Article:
Sports with Shook: Remembering Sabol and his NFL Films legacy

Nick Shook

The Autumn wind is a pirate

Blustering in from sea

With a rollicking song

he sweeps along

Swaggering boisterously.

His face is weatherbeaten

He wears a hooded sash

With a silver hat about his head

And a bristling black mustache

He growls as he storms

the country

A villain big and bold

And the trees all shake and quiver and quake

As he robs them of their gold.

The Autumn wind is a Raider

Pillaging just for fun

He’ll knock you ‘round

and upside down

And laugh when he’s

conquered and won.

—Steve Sabol

The poem above, titled “The Autumn Wind,” was written by NFL Films co-founder Steve Sabol, who passed away Tuesday from brain cancer at 69.

Sabol, son of NFL Films founder Ed Sabol, began his career at NFL Films as a cameraman, shooting the 1962 NFL Championship Game. For the next 50 years, Sabol would revolutionize the way the world viewed football. Classical compositions underscored slow-motion highlights of NFL players gracefully moving across the field. One of my greatest memories of these slow-motion masterpieces is of Chicago Bears running back Gale Sayers, hailed as the “Kansas Comet” in an NFL Films production. Sayers famously opened the film in a close-up shot, standing in a stadium, in which he said “Give me 18 inches of daylight; that’s all I need.”

NFL Films romanticized football while retaining the tough, gritty aspects of the game. Their productions turned players into gladiators of the gridiron. This style of filmmaking captivated a nation of football fans, including me.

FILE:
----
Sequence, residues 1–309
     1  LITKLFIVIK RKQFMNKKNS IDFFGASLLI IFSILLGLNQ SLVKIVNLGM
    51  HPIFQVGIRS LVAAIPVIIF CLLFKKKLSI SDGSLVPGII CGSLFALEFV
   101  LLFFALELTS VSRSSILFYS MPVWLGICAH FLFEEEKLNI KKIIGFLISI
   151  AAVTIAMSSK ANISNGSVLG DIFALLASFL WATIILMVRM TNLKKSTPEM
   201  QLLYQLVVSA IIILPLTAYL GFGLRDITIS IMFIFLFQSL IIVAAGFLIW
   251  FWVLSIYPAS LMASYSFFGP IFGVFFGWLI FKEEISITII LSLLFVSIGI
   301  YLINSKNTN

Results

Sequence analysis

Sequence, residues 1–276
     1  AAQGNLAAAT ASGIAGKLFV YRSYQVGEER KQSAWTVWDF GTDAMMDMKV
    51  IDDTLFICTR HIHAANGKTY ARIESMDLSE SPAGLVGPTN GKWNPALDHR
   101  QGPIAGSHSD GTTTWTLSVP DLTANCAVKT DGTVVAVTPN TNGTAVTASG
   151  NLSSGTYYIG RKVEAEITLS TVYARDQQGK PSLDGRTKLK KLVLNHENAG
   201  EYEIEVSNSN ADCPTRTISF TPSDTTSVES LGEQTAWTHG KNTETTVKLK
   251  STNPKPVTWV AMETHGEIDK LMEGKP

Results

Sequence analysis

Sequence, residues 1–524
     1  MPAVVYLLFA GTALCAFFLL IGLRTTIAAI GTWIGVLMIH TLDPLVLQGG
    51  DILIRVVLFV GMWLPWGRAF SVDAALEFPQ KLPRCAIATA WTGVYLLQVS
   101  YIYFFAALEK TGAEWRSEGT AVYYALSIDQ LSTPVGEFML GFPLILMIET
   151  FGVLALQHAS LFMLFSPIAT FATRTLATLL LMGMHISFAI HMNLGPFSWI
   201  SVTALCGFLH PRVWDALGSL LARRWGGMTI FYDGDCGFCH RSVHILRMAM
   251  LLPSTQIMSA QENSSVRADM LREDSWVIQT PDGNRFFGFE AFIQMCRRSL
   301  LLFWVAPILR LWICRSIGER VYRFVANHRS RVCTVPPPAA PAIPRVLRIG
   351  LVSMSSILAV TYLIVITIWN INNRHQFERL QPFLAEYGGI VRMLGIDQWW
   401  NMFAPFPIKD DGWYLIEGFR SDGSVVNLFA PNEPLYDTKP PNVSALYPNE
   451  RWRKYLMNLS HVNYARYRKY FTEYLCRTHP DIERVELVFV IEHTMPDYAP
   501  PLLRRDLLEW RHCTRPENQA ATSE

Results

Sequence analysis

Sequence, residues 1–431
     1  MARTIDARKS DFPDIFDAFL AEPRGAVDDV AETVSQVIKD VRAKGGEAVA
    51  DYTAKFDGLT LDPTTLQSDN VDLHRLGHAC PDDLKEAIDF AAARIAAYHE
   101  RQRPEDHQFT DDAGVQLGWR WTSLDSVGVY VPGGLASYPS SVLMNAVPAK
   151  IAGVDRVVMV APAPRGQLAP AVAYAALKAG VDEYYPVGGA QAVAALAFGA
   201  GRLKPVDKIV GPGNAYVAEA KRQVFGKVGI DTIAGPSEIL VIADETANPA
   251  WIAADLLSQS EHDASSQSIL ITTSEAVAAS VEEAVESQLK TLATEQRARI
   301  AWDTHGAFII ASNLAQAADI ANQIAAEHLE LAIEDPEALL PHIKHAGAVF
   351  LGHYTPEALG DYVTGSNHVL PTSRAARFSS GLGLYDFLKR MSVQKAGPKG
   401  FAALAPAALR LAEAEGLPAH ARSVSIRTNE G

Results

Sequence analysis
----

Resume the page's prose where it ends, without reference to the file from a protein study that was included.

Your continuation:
I grew up watching a plethora of Steve Sabol’s work in his time at NFL Films. Any time an “NFL Yearbook” was on the TV guide, nothing could peel me away from watching. An offseason Sunday marathon of NFL Yearbook? I practically considered it a godsend.

NFL Films is by far the best production company I have ever seen in my life. Don’t believe me? Take a non-football fan who knows nothing about the game and play an NFL production of a recent Super Bowl (I prefer you use XLII). I guarantee you that even though your selected person knows nothing about and has zero attachment to the game of football, he or she will be engrossed in the film. It’s seriously that good.

I’ve always wondered what the headquarters of NFL Films is truly like inside. It’s been a dream of mine to just take a tour of NFL Films. I’m a huge sports history buff, especially football history, so I’d imagine visiting NFL Films as the equivalent of touring the Ancient Library of Alexandria. What’s the first roll of film I’d attempt to find at this great library of football, you ask?

Simple: the 1964 NFL Championship Game. The Cleveland Browns played the Baltimore Colts. Frank Ryan tossed three touchdown passes to Gary Collins in the Browns’ 27-0 victory over the heavily favored Colts. Cleveland’s last championship, in all its black-and-white glory.

I honestly somewhat want to weasel my way into a job there, doing something, anything. I’ll cut film, I’ll edit audio, heck, I’ll push papers. The thought of being able to work in a place with that much accessible football history — that would be remarkable.

And none of that would be possible without the efforts of Ed and Steve Sabol.

NFL Films, and Sabol, made me into the football addict who I am today. Without his work, his multiple short productions (“Football Follies”), his cinematic style of presenting an NFL game and ultimately, his ability to show me and the rest of the world just how beautiful the game of football truly is, I would not love the game like I do.

Thank you, Steve Sabol. You are the consummate professional, the architect who designed the revolutionary structure on the foundation which your father built. May you rest in peace.

Contact Nick Shook at [email protected],edu.